University of Rochester, Rochester, New York 14627, USA.
The focus of this article is to develop signal and imaging processing methods to derive an accurate estimation of local tissue elasticity using the crawling wave (CrW) sonoelastography method. The task is to reduce noise and to improve the contrast of the elasticity map.
The protocol of the CrW approach was first tested on heterogeneous elastic phantoms as a model of prostate cancers. Then, the contrast-to-noise ratio of the estimation was calculated iteratively with various sequences of algorithms to determine the optimal signal processing settings. Finally, the optimized signal processing was applied to ex vivo prostate cancer detection. The comparison of the segmented elasticity map and the histology tumor outline was made by quadrants to evaluate the diagnostic performance of the protocol. Furthermore, the CrW approach was combined with amplitude-sonoelastography to achieve a higher specificity.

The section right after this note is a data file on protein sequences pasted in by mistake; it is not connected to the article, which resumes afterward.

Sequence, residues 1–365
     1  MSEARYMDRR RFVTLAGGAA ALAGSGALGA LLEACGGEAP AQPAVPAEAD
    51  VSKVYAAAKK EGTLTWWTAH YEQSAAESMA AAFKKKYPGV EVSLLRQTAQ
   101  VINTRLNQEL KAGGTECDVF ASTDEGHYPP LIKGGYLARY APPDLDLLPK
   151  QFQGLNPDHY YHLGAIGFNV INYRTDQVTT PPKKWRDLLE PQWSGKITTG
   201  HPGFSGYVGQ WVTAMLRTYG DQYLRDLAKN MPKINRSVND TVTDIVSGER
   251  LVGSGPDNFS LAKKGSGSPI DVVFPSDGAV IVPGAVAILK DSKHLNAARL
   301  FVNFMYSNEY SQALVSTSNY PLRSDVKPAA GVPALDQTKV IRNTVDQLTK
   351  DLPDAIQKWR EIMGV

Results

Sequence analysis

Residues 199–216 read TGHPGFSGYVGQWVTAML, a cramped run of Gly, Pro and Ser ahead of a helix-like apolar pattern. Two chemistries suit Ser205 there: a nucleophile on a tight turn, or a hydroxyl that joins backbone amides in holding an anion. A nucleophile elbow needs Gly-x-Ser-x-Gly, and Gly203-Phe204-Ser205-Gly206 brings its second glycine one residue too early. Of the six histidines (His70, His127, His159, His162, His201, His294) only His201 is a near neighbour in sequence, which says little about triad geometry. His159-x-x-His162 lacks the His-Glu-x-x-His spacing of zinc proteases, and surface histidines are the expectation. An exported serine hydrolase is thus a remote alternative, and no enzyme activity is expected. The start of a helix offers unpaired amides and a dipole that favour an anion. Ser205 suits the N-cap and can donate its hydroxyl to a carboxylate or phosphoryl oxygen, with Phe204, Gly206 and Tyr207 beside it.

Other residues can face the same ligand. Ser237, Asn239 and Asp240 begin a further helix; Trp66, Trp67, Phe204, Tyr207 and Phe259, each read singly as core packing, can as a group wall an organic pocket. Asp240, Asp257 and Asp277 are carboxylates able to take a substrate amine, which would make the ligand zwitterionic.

This study demonstrated the feasibility of the proposed approach for clinical applications. In the application to ex vivo prostate cancer detection, the established approach was tested on 43 excised prostate glands. The combination of the CrW approach and amplitude-sonoelastography achieved an accuracy of over 80% for finding tumors larger than 4 mm in diameter. The elasticity values and contrast found by the CrW approach were in agreement with the previous results derived from mechanical testing.
Crawling waves can be applied to detect prostate cancer with accuracy approaching 80% and can quantify the stiffness or shear modulus of both cancerous and noncancerous tissues. The technique therefore shows promise for guiding biopsies to suspect regions that are otherwise difficult to identify.
An L, Mills B, Hah Z, Mao S, Yao J, Joseph J, Rubens DJ, Strang J, Parker KJ. Are you the author?
Reference: Med Phys. 2011 May;38(5):2563-71.